Consider Amazon, a global company that enjoyed nearly $700 million in tax benefits in 2021, including abatement and subsidies. Amazon builds in communities that offer the best deals, and reaps the rewards of ownership. To increase profits even further, Amazon has committed to owning more of its warehouse facilities, which offers considerable flexibility and savings over future years.
4. More options to cover losses
Not turning a profit? Business owners can take a tax deduction for this, too, but those who own their property have another significant advantage. If you own the building or property where your business operates and decide to shut down, you can lease it to tenants or sell it to recoup some of your losses.
4 Cons of Owning Your Property
Despite the perks of property ownership, there are times when leasing a property makes more sense for business owners.
1. Less flexibility
The main downside of owning a property instead of leasing is the lack of flexibility. Business owners who lease have the option to leave a property once their term is up — and can even break a lease if absolutely necessary.
But those who own a property cannot simply move out. And some municipalities are beginning to charge fees and fines to absentee owners who allow properties to disintegrate from lack of use.
Financial flexibility is an issue, too. Owning a property means business owners have money tied up in an asset that cannot be easily liquidated. Lessees (i.e., renters) can keep their cash liquid and can move with more agility if the market shifts.
Down payments, closing costs, maintenance: these are the costs of ownership, and they can be high. For small businesses, these can be prohibitive. Startup costs for the business itself might make it impossible to come up with enough money to launch the business and purchase a property.
Business owners who lease don’t have to worry about scraping together enough money to come to closing. All they need is a required security deposit, and they get the keys.
3. Wrong phase of the business
If you are in the “building” phase of your business or are new to an area and unsure of where to set up shop, ownership may not be the route for you.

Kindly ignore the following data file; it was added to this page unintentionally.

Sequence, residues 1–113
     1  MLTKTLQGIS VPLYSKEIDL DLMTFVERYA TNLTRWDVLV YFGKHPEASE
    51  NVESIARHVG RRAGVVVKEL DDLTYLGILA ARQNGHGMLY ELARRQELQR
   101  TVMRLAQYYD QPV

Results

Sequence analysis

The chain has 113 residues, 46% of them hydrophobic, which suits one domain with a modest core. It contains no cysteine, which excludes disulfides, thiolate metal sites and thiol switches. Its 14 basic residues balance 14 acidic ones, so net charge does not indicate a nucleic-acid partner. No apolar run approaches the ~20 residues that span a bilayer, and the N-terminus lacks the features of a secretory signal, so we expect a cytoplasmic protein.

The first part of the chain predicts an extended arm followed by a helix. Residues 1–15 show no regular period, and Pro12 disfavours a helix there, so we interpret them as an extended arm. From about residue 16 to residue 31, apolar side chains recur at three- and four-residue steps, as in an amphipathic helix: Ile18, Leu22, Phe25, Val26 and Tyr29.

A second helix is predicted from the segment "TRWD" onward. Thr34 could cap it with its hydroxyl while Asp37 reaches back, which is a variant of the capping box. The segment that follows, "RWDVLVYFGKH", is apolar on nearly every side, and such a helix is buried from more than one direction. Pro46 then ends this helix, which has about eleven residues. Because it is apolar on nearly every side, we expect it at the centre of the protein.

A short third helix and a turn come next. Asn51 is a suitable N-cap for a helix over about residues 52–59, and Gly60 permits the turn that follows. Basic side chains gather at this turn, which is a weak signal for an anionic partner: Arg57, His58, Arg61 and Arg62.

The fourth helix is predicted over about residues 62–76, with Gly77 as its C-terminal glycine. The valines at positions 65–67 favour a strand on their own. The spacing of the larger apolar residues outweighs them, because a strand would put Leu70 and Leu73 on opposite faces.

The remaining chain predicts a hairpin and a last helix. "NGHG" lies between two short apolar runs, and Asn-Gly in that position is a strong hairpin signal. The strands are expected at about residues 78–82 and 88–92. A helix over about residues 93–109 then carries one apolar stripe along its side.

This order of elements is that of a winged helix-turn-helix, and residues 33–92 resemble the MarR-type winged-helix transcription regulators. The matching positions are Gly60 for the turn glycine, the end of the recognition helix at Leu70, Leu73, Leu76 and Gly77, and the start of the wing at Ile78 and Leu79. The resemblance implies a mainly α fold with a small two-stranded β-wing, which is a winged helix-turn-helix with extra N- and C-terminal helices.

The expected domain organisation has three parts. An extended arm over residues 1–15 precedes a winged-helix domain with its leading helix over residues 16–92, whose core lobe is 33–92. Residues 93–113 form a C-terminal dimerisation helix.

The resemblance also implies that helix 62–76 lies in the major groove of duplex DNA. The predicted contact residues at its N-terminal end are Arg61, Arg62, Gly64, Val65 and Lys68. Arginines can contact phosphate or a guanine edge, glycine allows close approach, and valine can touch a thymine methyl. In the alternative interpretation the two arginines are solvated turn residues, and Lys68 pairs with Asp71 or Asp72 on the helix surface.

A good broker can guide you through the rental process in a new market if you need to rent something quickly. In most cases, this same real estate agent can help you find a permanent location once you have your feet on the ground and your business up and running.
4. Relocation Challenges
Business owners expanding to a new state might understandably be hesitant to take on a big risk right away. Those concerned about how much property they can handle won’t want to overcommit to a subprime area or a property that isn’t a good match. Leasing first can give them a better sense of the new location without committing long term.
Leasing while relocating is also a good option if you don’t think the move will be permanent. For example, if your business is located in an area that has been hit by a natural disaster, you might choose to lease in a different area while your permanent location is rebuilt.
The Bottom Line: Consider Your Options
Starting or expanding a business is challenging, and it’s important to consider whether it’s worth owning the property you work out of. In some cases, the choice between leasing and owning is not clear. If leasing is not a good fit, but ownership is not a possibility right away, consider seeking out lease-to-own opportunities or short-term sublets.
Ben Mizes is the Co-Founder and CEO at Clever Real Estate, the nation’s leading real estate education platform for home buyers, sellers, and investors.